Members of the Nisga'a nations get training in peer counselling through a University of British Columbia program.

Nisga’a employees train in peer counselling

Members of the Laxgalts'ap Village Government completed training to support community members through counselling

Employees of the Laxgalts’ap Village Government in the Nass Valley recently completed an extensive two-year exercise in developing peer counselling abilities.

The training was the result of a Nisga’a initiative to bring in a tailor-made counselling program to assist community members in their personal and professional lives.

It came at the request of Phyllis Clark who wanted to adapt a program she attended at the University of British Columbia school of continuing studies to meet the unique needs of a self-governing community.

“Part of the success was the instructors coming here to see who we are as a community and the successes and the challenges that we face so that they can help us plan for what is our next step,” Clark explained.

Facilitators from the school flew in to offer 150 hours of training over two years which resulted in 10 members graduating with a full peer counselling certificate and a further 20 completing the first module.

Clark said that employees from all sections of government were encouraged to take the training which focused on self-reflection and understanding others.

“Personally, you’re learning new ways of communicating and understanding of human behaviour so that, in turn, you’re able to realize it could help you in your job, regardless of which job you are in,” she said of the program.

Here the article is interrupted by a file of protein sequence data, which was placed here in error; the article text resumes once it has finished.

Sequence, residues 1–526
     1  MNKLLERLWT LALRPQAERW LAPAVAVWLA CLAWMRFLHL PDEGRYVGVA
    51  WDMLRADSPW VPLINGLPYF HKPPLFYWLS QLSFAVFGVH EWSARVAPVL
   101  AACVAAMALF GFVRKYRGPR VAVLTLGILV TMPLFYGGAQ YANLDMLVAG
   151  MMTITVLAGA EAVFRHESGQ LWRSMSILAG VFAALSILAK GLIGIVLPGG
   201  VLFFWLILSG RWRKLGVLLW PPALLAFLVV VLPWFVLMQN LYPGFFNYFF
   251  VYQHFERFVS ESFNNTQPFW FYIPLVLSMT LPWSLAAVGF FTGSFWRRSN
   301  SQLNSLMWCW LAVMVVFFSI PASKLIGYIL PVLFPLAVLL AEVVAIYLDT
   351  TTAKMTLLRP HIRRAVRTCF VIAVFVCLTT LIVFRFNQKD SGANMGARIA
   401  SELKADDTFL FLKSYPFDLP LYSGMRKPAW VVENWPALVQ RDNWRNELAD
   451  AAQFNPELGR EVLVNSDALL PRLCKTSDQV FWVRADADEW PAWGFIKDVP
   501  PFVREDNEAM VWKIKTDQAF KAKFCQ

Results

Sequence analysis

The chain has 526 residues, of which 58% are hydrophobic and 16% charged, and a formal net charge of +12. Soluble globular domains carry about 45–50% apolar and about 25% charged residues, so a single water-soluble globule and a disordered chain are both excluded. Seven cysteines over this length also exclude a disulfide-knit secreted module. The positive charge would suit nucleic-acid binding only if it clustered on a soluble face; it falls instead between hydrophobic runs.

“The intent is to do that with a lot more clarity, with open eyes and open-hearted to realize that there are people who have different circumstances,” she added.

And there is an important reason why the Nisga’a are looking for ways to empower community members with these new skills.

Following the self-governing treaty signed in 2000, it is necessary that government workers develop the confidence and communication to interact with their clients who are also their friends, family and neighbours, Clark explained.

“In a sense the treaty is pretty much a new start for us,” she noted. “The potential to have a positive start that reflects on our treaty is to build on our skills to better understand how we make this beneficial for our people and help others grow with us.”

The program draws on using some basic counselling skills in everyday interactions, explained facilitator Sally Halliday who visited Laxgalts’ap regularly to teach the program.

“They don’t end up treating people, but it’s about understanding for themselves how people change, group dynamics,” she said.

The first module focused on self-development and basic counselling skills such as empathy while the second module of the program included conflict resolution and assisting people through change, she noted.

As Halliday was not familiar with the community, she said a part of the program was also finding skills that worked for Nisga’a members.

Now Clark hopes that the government will see the training make a difference in the work of its employees.

“Everyday we’re coming into contact with individuals and as a manager here you’re normally hearing if a client isn’t happy with a decision so how do we change that?” she questioned.

“It’s pretty much measured on an individual basis with clients. They need to feel that they are valued.”

With the number of graduates who stuck with the program over the years, Clark said she is ready to start discussions with the university to open up the program to even more Nisga’a members.




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